Chapter 5 reflects a radical change in subject. After four chapters on the importance of unity and how very wrong — even damnable — division in the local church is, Paul shifts gears to discussion how the church should deal with incest among its members.
(1 Cor 5:1–2 ESV) 1 It is actually reported that there is sexual immorality among you, and of a kind that is not tolerated even among pagans, for a man has his father’s wife. 2 And you are arrogant! Ought you not rather to mourn? Let him who has done this be removed from among you.
Since Paul referred to a man’s “father’s wife” and not “his mother,” many conclude that a member is having sex with his father’s second wife. Paul is paraphrasing —
(Lev 18:8 ESV) You shall not uncover the nakedness of your father’s wife; it is your father’s nakedness.
— which immediately follows condemnation of sex with one’s mother (Lev 18:7), so that it’s unlikely the man was sleeping with his mother.
Roman law also forbade such relationships, making this sin particularly egregious. It was not merely a matter of not yet knowing how Christians behave. The man knew it was wrong before he decided to follow Jesus!
It’s hard to understand how the Corinthians could have been “arrogant” regarding this sin, unless they’d very badly misunderstood grace and Jesus words, “Judge not.” Perhaps they’d concluded that Christianity freed them from ordinary standards of morality. Paul plainly disagrees.
Paul commands, “Let him who has done this be removed from among you.” This is shocking to modern ears. It’s not that we wouldn’t see the sin in incest, but that we would be unwilling to expel someone from the church over it — especially in a large church. The leadership would be paralyzed by fear that the members wouldn’t support their decision, not to mention the fear of bad publicity or even lawsuits.
QUESTION: Would the members support the elders in such a decision today? What if the man denied that he was guilty? Would they take sides or support the leadership?
(1 Cor 5:3–5 ESV) 3 For though absent in body, I am present in spirit; and as if present, I have already pronounced judgment on the one who did such a thing. 4 When you are assembled in the name of the Lord Jesus and my spirit is present, with the power of our Lord Jesus, 5 you are to deliver this man to Satan for the destruction of the flesh, so that his spirit may be saved in the day of the Lord.
Paul, as an apostle, clearly had the authority to insist that the church take this step. Today, we call this “to disfellowship,” whereas others prefer to say “to shun” or even “to excommunicate.”
The ancient Jewish synagogue had two levels of shunning that we’ll call, for want of better terms, excommunication and disfellowshiping. And I think the early church followed the same pattern. A member would be disfellowshiped to shame him or her into repentance and restoration — it was a “tough love,” last ditch effort. On the other hand, someone who was preaching error that might cause the damnation of members or who was preying on the members, such as a thief or sexual predator, could be excommunicated for the protection of the flock.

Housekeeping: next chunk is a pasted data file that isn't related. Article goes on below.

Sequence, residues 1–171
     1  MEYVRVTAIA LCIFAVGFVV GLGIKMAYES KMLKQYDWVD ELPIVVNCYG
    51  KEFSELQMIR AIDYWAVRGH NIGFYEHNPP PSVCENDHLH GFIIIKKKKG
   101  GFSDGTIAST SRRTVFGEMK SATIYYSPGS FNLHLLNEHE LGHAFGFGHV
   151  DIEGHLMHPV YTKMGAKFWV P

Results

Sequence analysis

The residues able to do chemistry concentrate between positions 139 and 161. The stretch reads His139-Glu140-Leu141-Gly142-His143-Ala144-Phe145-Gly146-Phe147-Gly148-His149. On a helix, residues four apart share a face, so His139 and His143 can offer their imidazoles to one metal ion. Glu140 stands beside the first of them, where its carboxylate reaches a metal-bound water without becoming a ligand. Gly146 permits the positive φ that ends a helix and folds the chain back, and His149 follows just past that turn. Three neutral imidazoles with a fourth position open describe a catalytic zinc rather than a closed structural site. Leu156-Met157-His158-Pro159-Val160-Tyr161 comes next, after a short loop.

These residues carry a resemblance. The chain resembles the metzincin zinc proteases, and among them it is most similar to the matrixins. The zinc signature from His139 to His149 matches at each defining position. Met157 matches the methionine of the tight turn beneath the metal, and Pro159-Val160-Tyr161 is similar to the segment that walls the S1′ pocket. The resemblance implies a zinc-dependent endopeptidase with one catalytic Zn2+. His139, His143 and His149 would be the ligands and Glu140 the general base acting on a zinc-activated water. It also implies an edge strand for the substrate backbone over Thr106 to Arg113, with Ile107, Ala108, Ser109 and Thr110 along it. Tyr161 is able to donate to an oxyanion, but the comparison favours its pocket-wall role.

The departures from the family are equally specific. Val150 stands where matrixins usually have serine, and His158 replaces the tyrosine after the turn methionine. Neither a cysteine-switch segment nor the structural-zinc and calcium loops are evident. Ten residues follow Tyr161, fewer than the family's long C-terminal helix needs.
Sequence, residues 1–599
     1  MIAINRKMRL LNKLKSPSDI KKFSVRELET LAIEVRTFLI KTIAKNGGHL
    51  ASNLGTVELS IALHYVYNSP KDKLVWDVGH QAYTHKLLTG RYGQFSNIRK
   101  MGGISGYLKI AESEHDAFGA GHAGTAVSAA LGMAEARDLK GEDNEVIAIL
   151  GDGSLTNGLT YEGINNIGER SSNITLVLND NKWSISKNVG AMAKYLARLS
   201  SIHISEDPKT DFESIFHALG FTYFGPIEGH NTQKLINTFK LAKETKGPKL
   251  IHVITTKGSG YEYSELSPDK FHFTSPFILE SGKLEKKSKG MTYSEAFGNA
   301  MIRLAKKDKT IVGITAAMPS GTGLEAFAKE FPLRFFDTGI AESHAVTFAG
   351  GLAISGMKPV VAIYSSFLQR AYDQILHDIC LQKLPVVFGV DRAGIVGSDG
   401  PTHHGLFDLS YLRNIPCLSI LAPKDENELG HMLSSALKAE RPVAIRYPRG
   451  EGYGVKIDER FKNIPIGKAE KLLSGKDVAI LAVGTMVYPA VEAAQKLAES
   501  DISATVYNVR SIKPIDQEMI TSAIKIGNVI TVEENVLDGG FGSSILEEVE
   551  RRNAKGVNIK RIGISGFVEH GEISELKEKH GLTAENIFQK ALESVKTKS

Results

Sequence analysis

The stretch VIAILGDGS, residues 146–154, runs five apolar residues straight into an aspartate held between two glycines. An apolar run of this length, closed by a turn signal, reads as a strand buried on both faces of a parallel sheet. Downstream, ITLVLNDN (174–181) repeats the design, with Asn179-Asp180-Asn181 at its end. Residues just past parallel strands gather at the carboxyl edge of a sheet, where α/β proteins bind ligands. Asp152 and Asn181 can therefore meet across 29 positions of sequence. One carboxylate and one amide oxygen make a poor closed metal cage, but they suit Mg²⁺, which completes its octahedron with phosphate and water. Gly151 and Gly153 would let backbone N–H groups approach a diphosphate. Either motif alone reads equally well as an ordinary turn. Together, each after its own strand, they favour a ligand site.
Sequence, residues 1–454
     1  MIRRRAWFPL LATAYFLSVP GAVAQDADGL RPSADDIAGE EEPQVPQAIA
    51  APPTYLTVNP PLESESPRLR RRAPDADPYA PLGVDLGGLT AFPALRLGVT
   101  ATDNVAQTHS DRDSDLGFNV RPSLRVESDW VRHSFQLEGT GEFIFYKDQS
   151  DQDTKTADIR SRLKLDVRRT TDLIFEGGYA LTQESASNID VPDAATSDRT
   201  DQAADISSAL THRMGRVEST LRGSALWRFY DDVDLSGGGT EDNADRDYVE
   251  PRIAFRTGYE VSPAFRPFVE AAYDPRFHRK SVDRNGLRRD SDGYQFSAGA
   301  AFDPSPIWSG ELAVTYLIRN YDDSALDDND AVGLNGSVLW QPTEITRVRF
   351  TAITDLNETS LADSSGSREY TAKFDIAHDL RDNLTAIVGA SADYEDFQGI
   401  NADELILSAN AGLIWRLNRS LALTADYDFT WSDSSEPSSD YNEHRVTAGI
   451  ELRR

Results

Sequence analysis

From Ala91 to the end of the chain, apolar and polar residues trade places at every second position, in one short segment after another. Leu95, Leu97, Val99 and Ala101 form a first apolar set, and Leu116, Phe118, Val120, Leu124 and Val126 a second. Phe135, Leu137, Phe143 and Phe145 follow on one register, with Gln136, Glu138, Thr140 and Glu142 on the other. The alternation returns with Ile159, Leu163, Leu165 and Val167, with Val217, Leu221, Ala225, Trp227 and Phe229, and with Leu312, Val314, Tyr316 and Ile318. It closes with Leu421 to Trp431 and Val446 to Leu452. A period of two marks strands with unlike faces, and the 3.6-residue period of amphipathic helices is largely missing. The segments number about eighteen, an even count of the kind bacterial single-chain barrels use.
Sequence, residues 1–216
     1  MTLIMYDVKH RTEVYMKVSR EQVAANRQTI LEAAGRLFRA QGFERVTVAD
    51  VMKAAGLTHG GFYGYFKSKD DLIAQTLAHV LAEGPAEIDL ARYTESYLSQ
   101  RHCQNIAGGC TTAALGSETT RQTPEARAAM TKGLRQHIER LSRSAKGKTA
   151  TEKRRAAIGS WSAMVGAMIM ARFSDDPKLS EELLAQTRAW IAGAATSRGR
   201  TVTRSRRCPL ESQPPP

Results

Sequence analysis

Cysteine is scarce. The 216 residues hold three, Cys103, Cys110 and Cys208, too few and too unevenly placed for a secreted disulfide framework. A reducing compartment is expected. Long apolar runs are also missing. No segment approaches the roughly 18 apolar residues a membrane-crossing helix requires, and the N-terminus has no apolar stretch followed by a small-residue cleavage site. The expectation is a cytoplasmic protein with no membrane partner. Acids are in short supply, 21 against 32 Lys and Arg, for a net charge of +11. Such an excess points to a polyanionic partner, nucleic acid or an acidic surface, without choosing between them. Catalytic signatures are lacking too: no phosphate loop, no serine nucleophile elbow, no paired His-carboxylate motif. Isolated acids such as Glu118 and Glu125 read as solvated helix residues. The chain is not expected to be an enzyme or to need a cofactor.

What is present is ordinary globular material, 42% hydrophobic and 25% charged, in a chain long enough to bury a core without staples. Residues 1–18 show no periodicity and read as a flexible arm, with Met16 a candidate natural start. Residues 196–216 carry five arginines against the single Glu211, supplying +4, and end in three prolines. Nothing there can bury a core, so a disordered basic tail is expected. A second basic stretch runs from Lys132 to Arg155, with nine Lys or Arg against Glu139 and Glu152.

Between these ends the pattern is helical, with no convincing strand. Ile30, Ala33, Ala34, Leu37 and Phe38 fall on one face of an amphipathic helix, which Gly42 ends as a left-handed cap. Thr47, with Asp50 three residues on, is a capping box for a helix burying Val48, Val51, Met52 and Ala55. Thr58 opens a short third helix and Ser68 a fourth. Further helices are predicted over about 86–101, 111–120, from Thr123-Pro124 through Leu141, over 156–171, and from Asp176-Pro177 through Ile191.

In both cases, the protection of the members is in mind, but in the first case, repentance is the goal, whereas in the second case, exclusion is the goal. We often get these confused in our teaching, but the scriptures demonstrate the distinction.
In the case of disfellowshiping for repentance, the church is told “not to even eat” with that person (1 Cor 5:11), because in that culture, eating together meant approval and acceptance. Moreover, the common meals — the love feasts — were at the core of Christian practice.
In 2 Thes 3:6, Paul instructs the church —
(2 Th 3:14–15 ESV) 14 If anyone does not obey what we say in this letter, take note of that person, and have nothing to do with him, that he may be ashamed. 15 Do not regard him as an enemy, but warn him as a brother.
Again, notice the goal of bringing shame (in an honor culture!) — but out of love. The goal is to warn him away from such dangerous practices so that he’ll repent.
Obviously, this only works in a congregation where the love for each other is very important to the members. You can’t exercise this kind of discipline if the member could just as easily attend another church. It’s not that the other churches must honor your decision, but that your church should involve so much love that going somewhere else would be unbearable. It’s not about power but love.
Now notice the contrast with Paul’s much harsher language in —
(Titus 3:9–11 ESV) 9 10 As for a person who stirs up division, after warning him once and then twice, have nothing more to do with him, 11 knowing that such a person is warped and sinful; he is self-condemned.